Arduino Inventor's Guide: Cardboard Projects Integrating Electronics and Computer Science

Location: Room 006AB

Explore and create Preregistration and additional fee required.

Registration code: WM239

Fee: $59 (After May 1, $63)
[Explore and create : Workshop]

Monday, June 26, 5:30–7:00 pm
Location: Room 006AB

Brian Huang   Derek Runberg  
In the last decade, Arduino has become a staple for makers to add interactivity to projects. We have been working on a book highlighting a number of projects that can be done using Arduino with cardboard, ping pong balls and assorted electronics. Come for a demonstration of one of these projects.

Fee: $59 (After May 1, $63)
Skill level: Beginner
Attendee devices: Devices useful
Attendee device specification: Laptop: PC, Mac
Participant accounts, software and other materials: * Arduino IDE Software (
Focus: Digital age teaching & learning
Topic: Project, problem and challenge based learning
Grade level: 9-12
Subject area: STEM/STEAM
ISTE Standards: Teachers : Facilitate and inspire student learning and creativity
Students : Innovative designer
Students : Computational thinker
Related exhibitors: SparkFun Electronics

Digital tote resources

Proposal summary

Purpose & objective

Participants will:

* Understand the fundamentals of Arduino programming to measure and monitor temperature.
* Understand how to control a simple Servo motor to move a flap open and close.
* Construct a small scale-model green house using simple materials like cardboard, transparency films, and hot glue.
* Integrate sensing and acting for a fully automated, temperature controlled greenhouse
* Develop methods for introducing this activity or modifying this activity for use in a standard classroom.


This presentation is an excerpt from a book that we are working on. With Arduino, you can build any hardware project you can imagine. This open-source platform is designed to help total beginners explore electronics, and with its easy-to-learn programming language, you can collect data about the world around you to make something truly interactive.
The Arduino Inventor's Guide opens with an electronics primer filled with essential background knowledge for your DIY journey. From there, you’ll learn your way around the Arduino through a classic hardware entry point—blinking LEDs. Over the course of the book, 13 hands-on projects will teach you how to:
Build a stop light with LEDs
Use LEDs to display sound readings
Design and build a desktop fan
Create a robot that draws with a motor and pens
Create a servo-controlled balance beam
Interface with Processing to make a digital Etch-a-Sketch
Report weather sensor data to
Each project focuses on a new set of skills, including breadboarding circuits; reading digital and analog inputs; reading magnetic, temperature, and other sensors; controlling servos and motors; and talking to your computer and the Web with an Arduino. At the end of every project, you’ll also find tips on how to use it and how to mod it with additional hardware or code.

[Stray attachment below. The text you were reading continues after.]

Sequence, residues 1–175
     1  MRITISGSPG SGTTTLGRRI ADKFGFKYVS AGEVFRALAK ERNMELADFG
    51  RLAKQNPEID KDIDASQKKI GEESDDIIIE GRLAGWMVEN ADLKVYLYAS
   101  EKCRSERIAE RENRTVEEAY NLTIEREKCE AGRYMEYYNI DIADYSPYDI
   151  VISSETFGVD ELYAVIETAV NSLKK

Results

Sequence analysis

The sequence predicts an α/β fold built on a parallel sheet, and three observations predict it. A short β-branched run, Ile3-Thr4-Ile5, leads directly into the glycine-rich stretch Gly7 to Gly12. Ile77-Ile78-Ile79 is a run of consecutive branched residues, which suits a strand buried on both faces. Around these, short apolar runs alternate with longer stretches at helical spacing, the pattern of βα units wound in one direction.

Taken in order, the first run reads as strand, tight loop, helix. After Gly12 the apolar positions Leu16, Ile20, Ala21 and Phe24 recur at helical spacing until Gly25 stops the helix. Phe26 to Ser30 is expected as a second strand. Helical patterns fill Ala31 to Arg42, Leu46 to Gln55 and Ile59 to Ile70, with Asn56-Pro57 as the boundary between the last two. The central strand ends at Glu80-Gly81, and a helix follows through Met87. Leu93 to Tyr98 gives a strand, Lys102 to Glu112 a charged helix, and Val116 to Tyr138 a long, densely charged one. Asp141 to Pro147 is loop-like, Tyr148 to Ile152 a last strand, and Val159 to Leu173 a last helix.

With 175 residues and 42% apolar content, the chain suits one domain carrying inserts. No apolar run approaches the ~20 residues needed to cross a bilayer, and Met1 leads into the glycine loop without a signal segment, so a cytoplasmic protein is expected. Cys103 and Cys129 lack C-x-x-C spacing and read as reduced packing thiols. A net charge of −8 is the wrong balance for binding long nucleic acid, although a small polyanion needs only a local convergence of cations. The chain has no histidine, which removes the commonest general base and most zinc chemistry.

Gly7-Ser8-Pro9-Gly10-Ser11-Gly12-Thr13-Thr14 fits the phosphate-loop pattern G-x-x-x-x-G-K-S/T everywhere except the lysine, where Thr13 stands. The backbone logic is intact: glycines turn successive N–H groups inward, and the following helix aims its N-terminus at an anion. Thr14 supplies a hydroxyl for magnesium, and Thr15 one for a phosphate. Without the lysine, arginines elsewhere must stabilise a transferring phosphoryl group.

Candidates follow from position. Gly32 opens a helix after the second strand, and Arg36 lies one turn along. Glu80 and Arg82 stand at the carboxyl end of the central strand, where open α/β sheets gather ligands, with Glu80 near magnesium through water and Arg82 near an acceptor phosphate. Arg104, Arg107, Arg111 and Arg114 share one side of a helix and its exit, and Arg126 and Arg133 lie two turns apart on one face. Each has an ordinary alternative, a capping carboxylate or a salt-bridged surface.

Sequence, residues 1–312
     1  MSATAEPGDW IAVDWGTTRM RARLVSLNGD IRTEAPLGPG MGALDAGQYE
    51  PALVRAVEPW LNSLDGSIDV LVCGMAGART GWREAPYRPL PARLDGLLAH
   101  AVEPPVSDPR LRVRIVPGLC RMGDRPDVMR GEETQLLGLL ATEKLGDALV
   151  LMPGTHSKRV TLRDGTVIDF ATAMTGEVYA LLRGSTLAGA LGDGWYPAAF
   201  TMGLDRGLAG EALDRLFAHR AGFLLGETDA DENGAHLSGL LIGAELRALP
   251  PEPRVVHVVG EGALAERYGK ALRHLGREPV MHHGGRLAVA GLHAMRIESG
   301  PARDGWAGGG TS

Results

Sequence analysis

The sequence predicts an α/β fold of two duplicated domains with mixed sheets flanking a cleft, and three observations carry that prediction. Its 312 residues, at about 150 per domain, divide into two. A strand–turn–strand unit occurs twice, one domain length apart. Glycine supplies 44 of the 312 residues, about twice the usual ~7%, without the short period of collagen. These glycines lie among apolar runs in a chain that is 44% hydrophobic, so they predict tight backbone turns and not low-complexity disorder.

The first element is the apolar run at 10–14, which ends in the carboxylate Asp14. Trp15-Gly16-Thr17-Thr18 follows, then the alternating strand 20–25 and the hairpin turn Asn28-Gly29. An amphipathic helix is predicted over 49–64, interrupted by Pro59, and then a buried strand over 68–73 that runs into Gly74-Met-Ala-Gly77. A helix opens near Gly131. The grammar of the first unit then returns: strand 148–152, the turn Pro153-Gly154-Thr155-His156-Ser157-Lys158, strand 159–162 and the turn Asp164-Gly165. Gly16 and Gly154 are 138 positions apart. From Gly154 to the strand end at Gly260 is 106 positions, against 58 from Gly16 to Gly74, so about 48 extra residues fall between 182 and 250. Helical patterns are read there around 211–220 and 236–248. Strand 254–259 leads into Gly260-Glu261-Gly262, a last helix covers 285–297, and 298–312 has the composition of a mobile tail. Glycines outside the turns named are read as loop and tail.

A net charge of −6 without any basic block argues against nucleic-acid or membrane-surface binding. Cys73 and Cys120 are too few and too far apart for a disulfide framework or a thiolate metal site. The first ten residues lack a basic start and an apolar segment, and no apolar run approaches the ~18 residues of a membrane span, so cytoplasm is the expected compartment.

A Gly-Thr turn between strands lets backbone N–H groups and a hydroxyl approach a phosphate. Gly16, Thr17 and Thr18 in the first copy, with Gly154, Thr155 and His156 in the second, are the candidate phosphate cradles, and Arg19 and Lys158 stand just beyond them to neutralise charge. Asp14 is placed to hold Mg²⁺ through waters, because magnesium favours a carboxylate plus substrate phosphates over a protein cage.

Workshop Outline:
I. Introduce Arduino and the electronics parts (5 minutes)
II. Introduce the problem / project prompt: Need to build a temperature controlled habitat. (5 minutes)
A. Guide teachers to brainstorm ideas and solutions.
B. Break solutions down into parts -- apply design thinking and a systems approach to problem solving.
III. Investigation I -- Measuring Temperature (60 minutes)
A. Introduce wiring of TMP36 with Arduino. (10 minutes)
B. Sensor Calibration and Measurement (30 minutes)
i. TMP36 is a linear temperature sensor: 10 mV / deg C and has a calibration point of 750 mV at 25 deg C.
ii. Use this information to develop a mathematical scaling model: temp (deg C) = 100*(volts) - 50
iii. Add this code to Arduino to display temperature in both deg C and deg F
C. Integrate moving of a servo motor for a flap (10 minutes)
D. (Time permitting) Integrate a motor driver circuit for a fan to move air. (10 minutes)
IV. Greenhouse construction and assembly (45 minutes) -- not possible in 90 minutes. Skipped over, but mentioned. (10 minutes to discuss and highlight the process)
V. Clean-up / Re-cap / Debrief (10 minutes)
A. Discuss extensions to this project.
B. What additional collaborations with other teachers / subject areas are possible?

Supporting research

Arduino CTC Program:

No Starch Press Book Landing Page:



Brian Huang, HadaNou Collective / HackSchool

Brian Huang graduated from the University of Illinois with a bachelor’s of science degree in Electrical Engineering in 2000. He discovered a passion for teaching and working with kids while volunteering at the Science Museum of Minnesota. He also holds a masters in curriculum and instruction in Secondary Education from the University of Colorado. Brian has taught algebra, geometry, physics, physical science, and introduction to robotics at a high school in Colorado, and is the mentor and coach of FIRST Robotics team #3807 - the Blazerbots at Overland High School.

Derek Runberg, SparkFun Electronics

learning starts here

San Antonio

June 25-28, 2017

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